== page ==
Non-Investable Indices

A suggestion for remedying overstated performance


The biases that inflate the performance of hedge funds have been well documented in the financial literature. Survivorship bias, which results from the ex post exclusion of unsuccessful funds from databases, is clearly one of the greatest causes of grossly overstated performance. Considering the returns of surviving funds alone leads to a strong upward bias, according to recent studies (up to 442 basis points, as demonstrated by Malkiel and Saha [2005]).

In the same vein, backfill bias or instant history bias, which occurs when the historical performance of a successful fund is suddenly and retroactively added (backfilled) into the database, also distorts the performance of the hedge fund industry (up to 435 basis points, as shown by Posthuma and van der Sluis [2004]). These biases are not negligible and tend primarily to inflate the returns posted by non-investable hedge fund indices; hence the recent development of investable hedge fund indices that can help investors mitigate the effects, which are never done away with entirely, of these biases.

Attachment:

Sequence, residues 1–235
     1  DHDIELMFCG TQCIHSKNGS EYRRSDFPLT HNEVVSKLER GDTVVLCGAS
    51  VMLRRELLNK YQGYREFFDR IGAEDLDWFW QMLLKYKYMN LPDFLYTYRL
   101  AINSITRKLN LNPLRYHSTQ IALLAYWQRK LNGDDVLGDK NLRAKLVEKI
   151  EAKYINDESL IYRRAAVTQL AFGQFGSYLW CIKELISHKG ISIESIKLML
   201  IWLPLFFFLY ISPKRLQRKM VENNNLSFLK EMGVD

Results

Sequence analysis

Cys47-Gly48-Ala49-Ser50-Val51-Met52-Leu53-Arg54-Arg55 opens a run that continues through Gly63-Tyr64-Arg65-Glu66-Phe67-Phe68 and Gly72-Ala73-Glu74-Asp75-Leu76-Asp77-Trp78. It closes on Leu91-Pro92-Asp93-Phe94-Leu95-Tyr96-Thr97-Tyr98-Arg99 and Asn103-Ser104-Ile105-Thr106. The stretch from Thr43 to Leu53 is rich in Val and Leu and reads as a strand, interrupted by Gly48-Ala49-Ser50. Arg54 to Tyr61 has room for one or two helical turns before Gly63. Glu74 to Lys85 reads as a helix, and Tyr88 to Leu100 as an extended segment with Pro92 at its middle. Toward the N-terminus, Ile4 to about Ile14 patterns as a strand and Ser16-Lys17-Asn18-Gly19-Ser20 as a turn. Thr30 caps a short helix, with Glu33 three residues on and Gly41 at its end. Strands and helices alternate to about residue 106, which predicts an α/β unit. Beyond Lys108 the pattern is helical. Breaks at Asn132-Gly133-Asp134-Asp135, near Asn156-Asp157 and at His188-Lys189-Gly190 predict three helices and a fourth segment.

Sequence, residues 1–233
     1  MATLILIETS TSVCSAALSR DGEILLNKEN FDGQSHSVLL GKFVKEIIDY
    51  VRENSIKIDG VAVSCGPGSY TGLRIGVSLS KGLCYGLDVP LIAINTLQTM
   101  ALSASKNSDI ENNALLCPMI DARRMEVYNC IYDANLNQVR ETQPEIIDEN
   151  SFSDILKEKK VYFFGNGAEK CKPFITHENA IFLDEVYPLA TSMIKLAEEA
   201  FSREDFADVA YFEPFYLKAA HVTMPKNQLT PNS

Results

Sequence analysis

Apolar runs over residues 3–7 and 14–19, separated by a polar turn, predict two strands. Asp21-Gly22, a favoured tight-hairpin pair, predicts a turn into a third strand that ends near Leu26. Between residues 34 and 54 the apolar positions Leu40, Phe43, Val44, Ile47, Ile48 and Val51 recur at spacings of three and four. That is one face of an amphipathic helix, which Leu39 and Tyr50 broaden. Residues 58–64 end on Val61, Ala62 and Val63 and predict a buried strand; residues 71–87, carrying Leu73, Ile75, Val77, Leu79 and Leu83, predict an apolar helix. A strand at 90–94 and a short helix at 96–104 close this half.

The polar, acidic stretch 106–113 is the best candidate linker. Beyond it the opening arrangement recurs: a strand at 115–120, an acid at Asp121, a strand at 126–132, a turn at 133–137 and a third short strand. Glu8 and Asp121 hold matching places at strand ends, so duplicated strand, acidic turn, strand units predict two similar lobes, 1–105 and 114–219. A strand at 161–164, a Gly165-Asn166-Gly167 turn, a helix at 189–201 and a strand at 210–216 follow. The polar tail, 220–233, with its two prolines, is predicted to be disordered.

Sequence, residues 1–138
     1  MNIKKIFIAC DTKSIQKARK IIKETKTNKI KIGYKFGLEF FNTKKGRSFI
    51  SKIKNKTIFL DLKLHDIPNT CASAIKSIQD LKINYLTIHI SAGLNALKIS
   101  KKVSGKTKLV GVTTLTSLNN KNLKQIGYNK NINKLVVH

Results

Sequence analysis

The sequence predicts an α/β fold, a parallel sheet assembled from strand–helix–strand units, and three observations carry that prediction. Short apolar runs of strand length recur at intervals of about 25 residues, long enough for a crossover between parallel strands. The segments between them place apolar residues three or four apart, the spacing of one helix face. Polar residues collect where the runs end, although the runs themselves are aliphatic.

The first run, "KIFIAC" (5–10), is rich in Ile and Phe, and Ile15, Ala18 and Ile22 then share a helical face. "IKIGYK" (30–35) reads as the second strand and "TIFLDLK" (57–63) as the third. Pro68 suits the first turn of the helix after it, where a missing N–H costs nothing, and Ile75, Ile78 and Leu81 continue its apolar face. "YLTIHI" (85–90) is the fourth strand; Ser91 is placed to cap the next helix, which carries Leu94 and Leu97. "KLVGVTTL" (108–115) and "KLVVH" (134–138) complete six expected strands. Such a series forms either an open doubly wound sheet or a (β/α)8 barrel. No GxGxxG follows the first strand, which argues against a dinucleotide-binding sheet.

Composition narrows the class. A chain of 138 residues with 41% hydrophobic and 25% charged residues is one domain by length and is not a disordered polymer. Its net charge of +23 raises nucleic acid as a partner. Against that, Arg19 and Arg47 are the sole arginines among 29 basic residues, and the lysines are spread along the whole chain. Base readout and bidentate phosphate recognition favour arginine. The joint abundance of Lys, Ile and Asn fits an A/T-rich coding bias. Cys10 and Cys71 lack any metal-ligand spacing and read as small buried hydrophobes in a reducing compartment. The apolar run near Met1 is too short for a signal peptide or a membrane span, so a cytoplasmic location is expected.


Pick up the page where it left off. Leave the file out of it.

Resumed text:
By definition, however, investable indices cannot include all existing funds. The number of underlying funds is often twenty times less than that of non-investable indices. It goes without saying that, in these conditions, investable indices are less representative than non-investable indices.

For one, they logically attempt to avoid poorly performing funds through thorough due diligence: at first glance, this restriction could, in theory, make their returns superior to those of their non-investable counterparts, but this superiority has yet to be demonstrated.